REAL WOOD LINERS
The perfect finish
While the industry standard may be to cover the inside of rooflights with either cheap wood or plastic, here at Stella we understand that the internal appearance of your rooflight is as important as the external look. That's why we only ever use high quality natural real wood for our interior liners. Not only does this offer a stunning natural look finish, but also enhances their thermal performance.
Our first choice timber for most rooflights would be American Ash because it is both a sustainable and hardwearing, however, our customers have the option to select any timber that they wish.
Choose from a range of stunning high quality wood finishes on your bespoke designed rooflight. Our range of options include:
The American Ash used on a Stella rooflight tends to radiate a beautiful light to medium brown colour which compliments most interior designs and colour schemes. It has a medium to coarse texture similar to oak and the grain is almost always straight and regular.
White Ash, an alternate name for American Ash, has excellent shock resistance which is why it is one of the most commonly used hardwoods for tool handles particularly in shovels and hammers where toughness and impact resistance is important.
American Ash would be our first choice of wood for customers who wish to have a painted liner finish.
Our European oak tends to hold a nice light to medium brown, commonly with an olive cast, though there can be a fair amount of variation in colour. Quarter sawn sections display prominent ray fleck patterns. Grain is straight, with a coarse, uneven texture.
Oak may have irregular or interlocked grain depending on growing conditions of the tree. Other uses of European oak can be seen in furniture, interior trim, flooring, boatbuilding, barrels, and veneer.
Stella rooflight liners use European oak rather than English oak because it has fewer knots and blemishes. Although unique and often beautiful these traits are often seen as flaws in construction which is why we use the European version.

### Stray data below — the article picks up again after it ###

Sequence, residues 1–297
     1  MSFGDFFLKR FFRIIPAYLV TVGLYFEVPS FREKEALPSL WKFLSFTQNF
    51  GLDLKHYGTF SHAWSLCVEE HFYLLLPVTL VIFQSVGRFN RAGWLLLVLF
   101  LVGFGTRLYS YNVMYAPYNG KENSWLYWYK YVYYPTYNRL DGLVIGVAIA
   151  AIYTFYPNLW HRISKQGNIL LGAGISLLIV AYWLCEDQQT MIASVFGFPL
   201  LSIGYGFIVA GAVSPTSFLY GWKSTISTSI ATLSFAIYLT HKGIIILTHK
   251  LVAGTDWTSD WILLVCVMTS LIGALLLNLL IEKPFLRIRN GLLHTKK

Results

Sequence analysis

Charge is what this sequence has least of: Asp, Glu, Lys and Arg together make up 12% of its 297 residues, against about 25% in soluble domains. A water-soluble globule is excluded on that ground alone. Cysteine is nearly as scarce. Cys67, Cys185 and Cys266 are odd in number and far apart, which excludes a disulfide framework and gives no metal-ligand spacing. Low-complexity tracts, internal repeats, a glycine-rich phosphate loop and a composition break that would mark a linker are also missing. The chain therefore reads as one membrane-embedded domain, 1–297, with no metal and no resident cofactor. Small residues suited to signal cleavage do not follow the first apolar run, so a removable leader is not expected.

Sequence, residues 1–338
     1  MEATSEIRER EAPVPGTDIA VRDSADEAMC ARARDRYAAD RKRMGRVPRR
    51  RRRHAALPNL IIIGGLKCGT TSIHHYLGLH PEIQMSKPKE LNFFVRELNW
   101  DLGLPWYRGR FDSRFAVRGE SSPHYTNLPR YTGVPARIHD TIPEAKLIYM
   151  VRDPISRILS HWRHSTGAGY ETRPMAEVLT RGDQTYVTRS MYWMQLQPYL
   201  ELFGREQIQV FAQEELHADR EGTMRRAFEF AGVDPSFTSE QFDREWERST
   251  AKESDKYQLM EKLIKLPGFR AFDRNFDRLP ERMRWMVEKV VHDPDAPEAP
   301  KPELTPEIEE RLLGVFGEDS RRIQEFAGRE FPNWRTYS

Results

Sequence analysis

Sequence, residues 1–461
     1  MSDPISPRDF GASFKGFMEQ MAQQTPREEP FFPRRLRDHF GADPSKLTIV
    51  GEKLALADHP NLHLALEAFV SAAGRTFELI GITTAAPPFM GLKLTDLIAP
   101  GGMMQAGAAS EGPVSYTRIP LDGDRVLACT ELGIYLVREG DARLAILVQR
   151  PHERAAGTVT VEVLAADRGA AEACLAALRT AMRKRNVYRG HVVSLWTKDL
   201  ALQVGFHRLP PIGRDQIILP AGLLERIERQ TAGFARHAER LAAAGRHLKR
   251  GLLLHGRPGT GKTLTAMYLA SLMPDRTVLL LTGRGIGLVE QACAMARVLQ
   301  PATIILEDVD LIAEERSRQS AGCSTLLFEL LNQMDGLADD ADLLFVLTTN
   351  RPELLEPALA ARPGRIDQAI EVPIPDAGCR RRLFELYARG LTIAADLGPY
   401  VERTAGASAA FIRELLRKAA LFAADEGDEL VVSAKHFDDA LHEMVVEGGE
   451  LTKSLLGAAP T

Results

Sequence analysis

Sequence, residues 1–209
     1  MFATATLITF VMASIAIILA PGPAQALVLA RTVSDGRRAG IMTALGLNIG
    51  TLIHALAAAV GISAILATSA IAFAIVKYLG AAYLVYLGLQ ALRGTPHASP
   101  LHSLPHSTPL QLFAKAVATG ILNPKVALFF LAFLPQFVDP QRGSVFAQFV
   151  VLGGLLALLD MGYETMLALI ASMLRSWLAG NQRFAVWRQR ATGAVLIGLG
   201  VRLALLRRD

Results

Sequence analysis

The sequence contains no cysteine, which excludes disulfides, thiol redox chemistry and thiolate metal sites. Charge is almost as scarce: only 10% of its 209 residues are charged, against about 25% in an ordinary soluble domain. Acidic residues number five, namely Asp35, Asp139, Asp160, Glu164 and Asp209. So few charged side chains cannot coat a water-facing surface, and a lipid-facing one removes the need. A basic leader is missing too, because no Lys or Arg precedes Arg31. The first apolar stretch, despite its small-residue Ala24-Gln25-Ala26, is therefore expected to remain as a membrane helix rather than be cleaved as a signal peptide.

American Black Walnut
Another popular choice for our Stella rooflight liners is the American Black Walnut, otherwise known as Eastern Black Walnut. This wood can range from a lighter pale brown colour to a smooth dark chocolate brown with darker brown streaks. Figured grain patterns such as curl, crotch, and burl are also seen.
The grain is usually straight, but can be irregular from time to time with a medium texture and a moderate natural lustre.
Black Walnut is extremely popular among woodworkers as its cooperative working characteristics, coupled with its rich brown coloration puts the wood in a class by itself among temperate-zone hardwoods. To cap it off, the wood also has good dimensional stability, shock resistance, and strength properties.
Western Red Cedar
The Western Red Cedar comes in reddish to pinkish browns which often have random streaks and bands of darker red/brown areas. Because of its low density and coarse texture, Cedar has incredibly good thermal and insulating properties. It is considered the best insulator amongst many other common softwood types and is far superior to brick, concrete, and steel. For this reason, it serves really well keeping your house warm in winter and has a great ability to dampen vibrations.
It is often used in the making of acoustical structures, making it perfect for panelling and moulding for the place where it’s needed to reduce or confine noise. Another prominent feature of cedar is a high decay resistance. The natural durability of western red cedar is due to the presence of extractives in it.
Stella rooflight customers often choose Cedar for high moisture environments such as bathrooms and kitchens.
Using Utile for your Stella rooflight internal liner will give you a warm reddish-brown colour that provides an interlocked grain with a medium uniform texture and lacks any dramatic figuring of grain that is common in the closely related Sapele. Regarded as a high-class hardwood, Utile is a durable working material imported from West Africa.
Sometimes called Sipo Mahogany, or simply Sipo, Utile is in the Meliaceae family, and is somewhat related to the true mahoganies found in the Swietenia genus.
It responds incredibly well to glues, nails, stains and polishes and is perfect for furniture, joinery, cabinet making and exterior work. Utile offers all the strength of standard mahogany with a strikingly exotic and distinctive look.
The Meranti timber used for Stella rooflight liners starts its life as a pale yellowish-orange when freshly cut but as it goes through the aging process and becomes a beautiful golden yellow-brown. It has a coarse texture with medium to large pores and the grain is sometimes interlocked. It also contains a high level of silica which is over 0.5% of dried weight.
Sometimes referred to as Lauan wood in the Shorea genus it is very commonly used in Southeast Asia and there is an abundance of variety between the difference species: each with different working properties, appearances, and mechanical strength values.